One solution to such paradoxes is a so-called GRW model that was developed in the late 1980s. It incorporates “flashes”, which are spontaneous random collapses of the wave function of quantum systems. The outcome is exactly as if there were measurements being made, but without explicit observers.

    Tilloy has modified this model to show how it can lead to a theory of gravity. In his model, when a flash collapses a wave function and causes a particle to be in one place, it creates a gravitational field at that instant in space-time. A massive quantum system with a large number of particles is subject to numerous flashes, and the result is a fluctuating gravitational field.

    It turns out that the average of these fluctuations is a gravitational field that one expects from Newton’s theory of gravity (arxiv.org/abs/1709.03809). This approach to unifying gravity with quantum mechanics is called semiclassical: gravity arises from quantum processes but remains a classical force. “There is no real reason to ignore this semiclassical approach, to having gravity being classical at the fundamental level,” says Tilloy.

    “I like this idea in principle,” says Klaus Hornberger at the University of Duisburg-Essen in Germany. But he points out that other problems need to be tackled before this approach can be a serious contender for unifying all the fundamental forces underpinning the laws of physics on scales large and small. For example, Tilloy’s model can be used to get gravity as described by Newton’s theory, but the maths still has to be worked out to see if it is effective in describing gravity as governed by Einstein’s general relativity.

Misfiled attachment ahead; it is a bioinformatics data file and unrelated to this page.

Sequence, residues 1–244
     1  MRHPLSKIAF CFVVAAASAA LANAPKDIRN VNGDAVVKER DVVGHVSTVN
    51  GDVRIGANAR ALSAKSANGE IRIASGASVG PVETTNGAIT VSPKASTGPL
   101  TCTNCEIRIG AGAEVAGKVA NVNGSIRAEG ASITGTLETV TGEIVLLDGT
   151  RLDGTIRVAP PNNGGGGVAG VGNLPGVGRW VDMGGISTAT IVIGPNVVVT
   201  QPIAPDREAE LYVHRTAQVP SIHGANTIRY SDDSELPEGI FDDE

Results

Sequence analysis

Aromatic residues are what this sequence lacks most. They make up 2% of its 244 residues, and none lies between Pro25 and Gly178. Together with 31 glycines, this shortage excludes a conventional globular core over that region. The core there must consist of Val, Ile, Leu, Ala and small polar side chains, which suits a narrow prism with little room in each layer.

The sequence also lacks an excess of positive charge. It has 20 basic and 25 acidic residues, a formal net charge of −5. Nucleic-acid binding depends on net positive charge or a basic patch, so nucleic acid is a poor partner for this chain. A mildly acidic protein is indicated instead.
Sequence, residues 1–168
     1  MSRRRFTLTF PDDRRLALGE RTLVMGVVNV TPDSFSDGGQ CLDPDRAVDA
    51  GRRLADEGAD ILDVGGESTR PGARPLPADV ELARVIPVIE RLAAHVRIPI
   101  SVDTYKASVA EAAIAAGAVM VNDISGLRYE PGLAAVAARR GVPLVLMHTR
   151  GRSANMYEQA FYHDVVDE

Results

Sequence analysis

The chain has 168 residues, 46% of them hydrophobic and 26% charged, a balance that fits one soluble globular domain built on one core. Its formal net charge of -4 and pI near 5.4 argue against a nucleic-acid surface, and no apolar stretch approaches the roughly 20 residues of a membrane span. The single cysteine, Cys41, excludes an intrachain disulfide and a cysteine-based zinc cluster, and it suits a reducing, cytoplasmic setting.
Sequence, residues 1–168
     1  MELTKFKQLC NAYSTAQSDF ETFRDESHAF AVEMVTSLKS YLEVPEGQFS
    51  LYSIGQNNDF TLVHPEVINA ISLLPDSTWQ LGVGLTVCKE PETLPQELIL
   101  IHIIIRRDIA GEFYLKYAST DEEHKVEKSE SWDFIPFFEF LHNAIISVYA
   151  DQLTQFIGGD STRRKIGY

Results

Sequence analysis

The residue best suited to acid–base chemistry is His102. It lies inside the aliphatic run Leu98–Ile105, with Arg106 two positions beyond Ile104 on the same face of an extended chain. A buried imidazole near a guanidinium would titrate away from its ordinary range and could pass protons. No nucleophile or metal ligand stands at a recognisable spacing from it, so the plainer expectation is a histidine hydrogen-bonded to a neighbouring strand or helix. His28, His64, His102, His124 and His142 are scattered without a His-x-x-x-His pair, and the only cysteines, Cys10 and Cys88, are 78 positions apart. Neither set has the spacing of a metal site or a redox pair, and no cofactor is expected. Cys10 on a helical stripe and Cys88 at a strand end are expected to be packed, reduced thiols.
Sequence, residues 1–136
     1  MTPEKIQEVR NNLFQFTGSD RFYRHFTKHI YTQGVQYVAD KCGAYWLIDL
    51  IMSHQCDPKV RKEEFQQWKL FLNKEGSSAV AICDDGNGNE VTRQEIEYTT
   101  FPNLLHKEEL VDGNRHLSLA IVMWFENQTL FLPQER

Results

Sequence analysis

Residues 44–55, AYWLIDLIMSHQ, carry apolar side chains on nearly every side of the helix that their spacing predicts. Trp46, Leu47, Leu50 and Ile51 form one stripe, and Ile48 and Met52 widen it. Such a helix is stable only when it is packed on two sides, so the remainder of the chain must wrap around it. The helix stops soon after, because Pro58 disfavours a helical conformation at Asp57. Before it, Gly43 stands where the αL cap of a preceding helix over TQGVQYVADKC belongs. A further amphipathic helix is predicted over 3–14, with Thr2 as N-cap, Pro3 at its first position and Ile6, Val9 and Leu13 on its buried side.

Tilloy agrees. “This is very hard to generalise to relativistic settings,” he says. He also cautions that no one knows which of the many tweaks to quantum mechanics is the correct one.

    Nonetheless, his model makes predictions that can be tested. For example, it predicts that gravity will behave differently at the scale of atoms from how it does on larger scales. Should those tests find that Tilloy’s model reflects reality and gravity does indeed originate from collapsing quantum fluctuations, it would be a big clue that the path to a theory of everything would involve semiclassical gravity.

    See the full article here .

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  • richardmitnick 6:57 am on May 16, 2017 Permalink | Reply